Other than pollution, the most obvious reason for anaemia is malnutrition. “Needless to say, if the mother is unhealthy, the child will also be. If we examine the National Family Health Survey (NFHS)-5, 53.5 per cent of women (15 to 49 years) in the Bhopal district are anaemic. About 68.5 per cent of children under the age of five are anaemic, while 18 per cent of the children aged under five are stunted and 19 per cent are underweight,” cites Ravi Pathak, who works for Hidayat, a social organisation dealing with malnutrition in Bhopal rural.
Meanwhile, a doctor at Gandhi Nagar CHC tells 101Reporters that four out of 10 people visiting the outpatient department suffer from lung and respiratory diseases. “Allergies and eye and skin infections are also going up. If the condition is serious, I refer the patient to Government Hamidia Hospital in Bhopal,” he says, on condition of anonymity.
The villagers are susceptible to incurable diseases such as silicosis, an interstitial lung disease caused by inhaling tiny silica particles found in rocks and soil. This causes permanent lung scarring over time. “However, they cannot afford to stop working in the mines because they do not receive pensions or other financial assistance,” Pathak says.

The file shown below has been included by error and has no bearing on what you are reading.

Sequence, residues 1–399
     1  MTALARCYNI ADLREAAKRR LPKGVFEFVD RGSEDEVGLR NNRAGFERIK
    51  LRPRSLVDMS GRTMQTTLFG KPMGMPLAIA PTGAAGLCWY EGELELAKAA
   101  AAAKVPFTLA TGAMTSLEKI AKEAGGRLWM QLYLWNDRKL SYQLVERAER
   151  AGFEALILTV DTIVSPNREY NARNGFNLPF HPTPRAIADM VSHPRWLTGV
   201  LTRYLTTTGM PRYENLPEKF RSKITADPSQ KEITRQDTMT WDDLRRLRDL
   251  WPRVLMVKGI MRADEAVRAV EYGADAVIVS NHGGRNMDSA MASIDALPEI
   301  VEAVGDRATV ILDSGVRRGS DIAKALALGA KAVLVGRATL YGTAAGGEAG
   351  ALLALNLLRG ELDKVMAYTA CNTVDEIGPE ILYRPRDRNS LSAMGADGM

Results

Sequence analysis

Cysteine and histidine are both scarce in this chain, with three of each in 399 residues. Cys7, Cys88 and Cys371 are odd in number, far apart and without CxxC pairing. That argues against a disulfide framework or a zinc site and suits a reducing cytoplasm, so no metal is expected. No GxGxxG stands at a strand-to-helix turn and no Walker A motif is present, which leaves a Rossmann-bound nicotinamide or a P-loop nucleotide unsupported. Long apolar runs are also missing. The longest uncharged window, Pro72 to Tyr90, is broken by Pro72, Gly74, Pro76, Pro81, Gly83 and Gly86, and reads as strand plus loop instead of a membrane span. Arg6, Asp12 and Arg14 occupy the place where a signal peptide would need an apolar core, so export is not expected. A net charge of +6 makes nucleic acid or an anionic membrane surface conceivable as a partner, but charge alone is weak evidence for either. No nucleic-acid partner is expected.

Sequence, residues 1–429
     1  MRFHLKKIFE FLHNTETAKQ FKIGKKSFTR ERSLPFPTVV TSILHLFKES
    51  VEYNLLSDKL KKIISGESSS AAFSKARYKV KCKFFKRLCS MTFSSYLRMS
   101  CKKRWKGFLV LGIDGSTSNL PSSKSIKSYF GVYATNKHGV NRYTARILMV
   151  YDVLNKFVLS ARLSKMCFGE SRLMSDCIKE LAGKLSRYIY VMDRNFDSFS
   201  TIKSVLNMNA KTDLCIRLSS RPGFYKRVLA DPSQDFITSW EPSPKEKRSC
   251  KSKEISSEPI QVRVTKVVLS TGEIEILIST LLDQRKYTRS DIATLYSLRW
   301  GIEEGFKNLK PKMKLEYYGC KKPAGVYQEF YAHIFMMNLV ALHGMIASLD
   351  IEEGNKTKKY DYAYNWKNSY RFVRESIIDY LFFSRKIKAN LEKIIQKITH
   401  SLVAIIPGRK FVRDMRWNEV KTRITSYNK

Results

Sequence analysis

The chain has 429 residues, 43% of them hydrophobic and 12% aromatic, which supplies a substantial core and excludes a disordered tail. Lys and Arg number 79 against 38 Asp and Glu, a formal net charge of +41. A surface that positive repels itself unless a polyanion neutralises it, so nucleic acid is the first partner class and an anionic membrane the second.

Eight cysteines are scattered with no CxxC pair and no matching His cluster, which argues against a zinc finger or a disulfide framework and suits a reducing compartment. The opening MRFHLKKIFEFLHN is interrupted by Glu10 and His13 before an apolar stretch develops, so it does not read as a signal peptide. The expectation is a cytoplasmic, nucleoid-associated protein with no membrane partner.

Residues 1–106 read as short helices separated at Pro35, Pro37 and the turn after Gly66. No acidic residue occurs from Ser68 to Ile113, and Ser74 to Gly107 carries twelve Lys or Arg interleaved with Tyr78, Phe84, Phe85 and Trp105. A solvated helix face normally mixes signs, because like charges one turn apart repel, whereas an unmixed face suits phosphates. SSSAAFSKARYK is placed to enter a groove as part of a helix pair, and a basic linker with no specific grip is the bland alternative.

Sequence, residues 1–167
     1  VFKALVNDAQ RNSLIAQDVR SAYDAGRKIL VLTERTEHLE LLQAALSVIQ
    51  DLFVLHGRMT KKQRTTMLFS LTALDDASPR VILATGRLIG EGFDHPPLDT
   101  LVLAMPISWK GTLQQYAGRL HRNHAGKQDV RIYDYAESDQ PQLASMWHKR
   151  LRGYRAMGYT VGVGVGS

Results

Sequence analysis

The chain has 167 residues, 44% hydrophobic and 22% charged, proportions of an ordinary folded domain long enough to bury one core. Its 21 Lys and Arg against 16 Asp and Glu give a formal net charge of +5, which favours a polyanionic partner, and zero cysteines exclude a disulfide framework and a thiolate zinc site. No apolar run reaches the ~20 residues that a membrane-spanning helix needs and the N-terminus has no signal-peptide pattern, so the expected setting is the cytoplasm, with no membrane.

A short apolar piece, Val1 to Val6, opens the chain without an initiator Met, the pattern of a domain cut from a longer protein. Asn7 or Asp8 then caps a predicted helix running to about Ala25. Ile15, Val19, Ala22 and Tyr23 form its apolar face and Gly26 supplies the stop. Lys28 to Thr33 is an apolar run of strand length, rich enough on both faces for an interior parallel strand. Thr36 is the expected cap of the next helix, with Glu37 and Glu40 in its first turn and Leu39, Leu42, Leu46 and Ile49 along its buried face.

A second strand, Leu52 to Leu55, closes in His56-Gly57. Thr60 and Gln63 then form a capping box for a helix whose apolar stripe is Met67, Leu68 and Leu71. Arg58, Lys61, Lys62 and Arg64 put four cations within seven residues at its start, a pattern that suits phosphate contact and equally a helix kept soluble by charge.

Rules on hold
Things could have been far better if the mines followed the guidelines related to air quality, says social worker and environment activist Rashid Noor Khan.
As per the guidelines issued by the Madhya Pradesh Pollution Control Board (MPPCB), stone crushers should be covered with a tin sheet to prevent the dust from escaping. Labourers should be given “telescopic suits,” for protection against dust and dirt. Additionally, water sprinklers to settle dust should be in place.
But none of the mines, and definitely not the illegal ones, in Acharpura, Neelbad, Ratibad, Mastipura and Kaliyasot follow the rules, alleges Khan. “The worst part is there is no way to check pollution levels in these places. I believe the Air Quality Index may be at dangerous levels here,” he adds.
MPPCB Regional Officer Brajesh Sharma tells 101Reporters that equipment to measure air quality is not located near the mining spots. “They are installed in the city, so we cannot measure the pollution from mines. However, we take speedy action whenever we get complaints. Acting on one such complaint, our team recently investigated and submitted a report regarding an illegal mine in Mastipura. Subsequently, the mine was shut,” he says.
Khan, however, alleges that he has complained about air pollution in several places located near Bhopal to the PCB many times in the last three years, yet no action has followed. “And even if they do, it is often too late. In Mastipura, that was the case.“